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Towards a Relational Ontology
Philosophy's Other Possibility
Towards a Relational Ontology
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Andrew Benjamin - Author
SUNY series in Contemporary Continental Philosophy
Price: $85.00 
Hardcover - 240 pages
Release Date: June 2015
ISBN10: N/A
ISBN13: 978-1-4384-5633-1

Quantity:  
Price: $24.95 
Paperback - 240 pages
Release Date: January 2016
ISBN10: N/A
ISBN13: 978-1-4384-5634-8

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An original philosophical account of relational ontology drawing on the work of Descartes, Kant, Fichte, Hegel, and Heidegger.

In this original work of philosophy, Andrew Benjamin calls for a new understanding of relationality, one inaugurating a philosophical mode of thought that takes relations among people and events as primary, over and above conceptions of simple particularity or abstraction. Drawing on the work of Descartes, Kant, Fichte, Hegel, and Heidegger, Benjamin shows that a relational ontology has always been at work within the history of philosophy even though philosophy has been reluctant to affirm its presence. Arguing for what he calls anoriginal relationality, he demonstrates that the already present status of a relational ontology is philosophy’s other possibility. Touching on a range of topics including community, human-animal relations, and intimacy, Benjamin’s thoughtful and penetrating distillation of ancient, modern, and twentieth-century philosophical ideas, and his judicious attention to art and literature make this book a model for original philosophical thinking and writing.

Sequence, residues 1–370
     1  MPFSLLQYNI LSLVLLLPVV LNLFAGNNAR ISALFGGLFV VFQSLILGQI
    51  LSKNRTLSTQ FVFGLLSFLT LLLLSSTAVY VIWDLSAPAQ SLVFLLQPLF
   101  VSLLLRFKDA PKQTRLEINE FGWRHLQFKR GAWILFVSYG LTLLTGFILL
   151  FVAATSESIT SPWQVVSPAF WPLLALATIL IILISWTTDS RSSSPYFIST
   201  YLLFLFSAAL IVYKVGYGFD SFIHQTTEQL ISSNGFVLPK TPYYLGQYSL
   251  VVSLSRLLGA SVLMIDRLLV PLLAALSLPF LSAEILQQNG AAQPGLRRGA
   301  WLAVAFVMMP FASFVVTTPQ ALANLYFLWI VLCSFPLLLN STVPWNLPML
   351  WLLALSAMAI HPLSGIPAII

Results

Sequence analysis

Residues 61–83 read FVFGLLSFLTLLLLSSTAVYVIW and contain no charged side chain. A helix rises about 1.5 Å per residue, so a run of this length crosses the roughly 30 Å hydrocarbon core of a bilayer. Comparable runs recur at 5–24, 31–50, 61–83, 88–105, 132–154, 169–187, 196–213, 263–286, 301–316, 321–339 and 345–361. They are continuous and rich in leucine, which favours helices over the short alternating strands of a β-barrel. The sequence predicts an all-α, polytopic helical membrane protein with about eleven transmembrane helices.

Andrew Benjamin is Professor of Philosophy and Jewish Thought at Monash University, Australia and Distinguished Professor of Philosophy and Humanities at Kingston University, London. He is the author of several books, including Working with Walter Benjamin: Recovering a Political Philosophy and the coeditor (with Dimitris Vardoulakis) of Sparks Will Fly: Benjamin and Heidegger, also published by SUNY Press.


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Table of Contents

1. Being-in-Relation

2. Recovering Relationality: Contra Heidegger’s Descartes

3. Relationality and the Affective Structure of Subjectivity: Kant’s “An Answer to the Question: What is Enlightenment?”

4. Democracy, Relationality, and the University: Fichte’s “Some Lectures concerning the Scholar’s Vocation”

5. Justice, Love, and Relationality: The Figure of Niobe in Hegel’s Lectures on Fine Art

6. Anonymity and Fear: The Refusal of Relationality in Hegel’s Philosophy of Right

7. Animal Relations: Modes of Presence in Kant’s Critique of Practical Reason

8. Obdurate Love: Intimate Relations: Toward a Metaphysics of Intimacy

Conclusion: Opening Relations

Bibliography
Index


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